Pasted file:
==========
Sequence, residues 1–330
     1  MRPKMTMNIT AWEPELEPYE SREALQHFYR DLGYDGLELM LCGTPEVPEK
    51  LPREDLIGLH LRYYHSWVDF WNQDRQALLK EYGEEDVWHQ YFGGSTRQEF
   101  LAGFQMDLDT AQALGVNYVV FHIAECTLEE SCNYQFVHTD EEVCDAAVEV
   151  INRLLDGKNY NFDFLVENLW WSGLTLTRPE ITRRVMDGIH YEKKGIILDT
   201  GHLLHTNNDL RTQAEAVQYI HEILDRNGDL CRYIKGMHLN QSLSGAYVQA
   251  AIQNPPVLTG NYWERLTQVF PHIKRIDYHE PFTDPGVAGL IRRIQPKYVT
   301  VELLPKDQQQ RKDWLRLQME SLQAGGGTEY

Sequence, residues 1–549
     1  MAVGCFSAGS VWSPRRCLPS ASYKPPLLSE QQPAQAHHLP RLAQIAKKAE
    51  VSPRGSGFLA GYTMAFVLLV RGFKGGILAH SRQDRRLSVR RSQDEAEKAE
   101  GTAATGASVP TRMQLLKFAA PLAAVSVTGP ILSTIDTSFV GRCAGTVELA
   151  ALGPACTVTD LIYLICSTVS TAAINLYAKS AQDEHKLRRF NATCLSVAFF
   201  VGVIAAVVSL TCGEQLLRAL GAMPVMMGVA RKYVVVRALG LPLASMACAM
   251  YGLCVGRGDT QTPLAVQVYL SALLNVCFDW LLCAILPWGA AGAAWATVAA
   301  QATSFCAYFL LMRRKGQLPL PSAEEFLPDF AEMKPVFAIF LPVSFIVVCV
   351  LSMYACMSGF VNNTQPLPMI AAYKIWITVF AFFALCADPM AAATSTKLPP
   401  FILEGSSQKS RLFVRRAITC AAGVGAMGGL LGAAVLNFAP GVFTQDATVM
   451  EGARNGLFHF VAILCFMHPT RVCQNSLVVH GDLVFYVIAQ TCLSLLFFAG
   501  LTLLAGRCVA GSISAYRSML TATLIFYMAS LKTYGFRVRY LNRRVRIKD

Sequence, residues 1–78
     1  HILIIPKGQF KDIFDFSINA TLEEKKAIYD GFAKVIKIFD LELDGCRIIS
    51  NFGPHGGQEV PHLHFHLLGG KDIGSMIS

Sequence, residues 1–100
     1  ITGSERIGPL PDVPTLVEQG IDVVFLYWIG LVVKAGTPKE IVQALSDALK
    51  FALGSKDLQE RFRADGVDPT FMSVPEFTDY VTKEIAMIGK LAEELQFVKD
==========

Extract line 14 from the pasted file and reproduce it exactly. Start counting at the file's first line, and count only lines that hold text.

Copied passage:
   201  VGVIAAVVSL TCGEQLLRAL GAMPVMMGVA RKYVVVRALG LPLASMACAM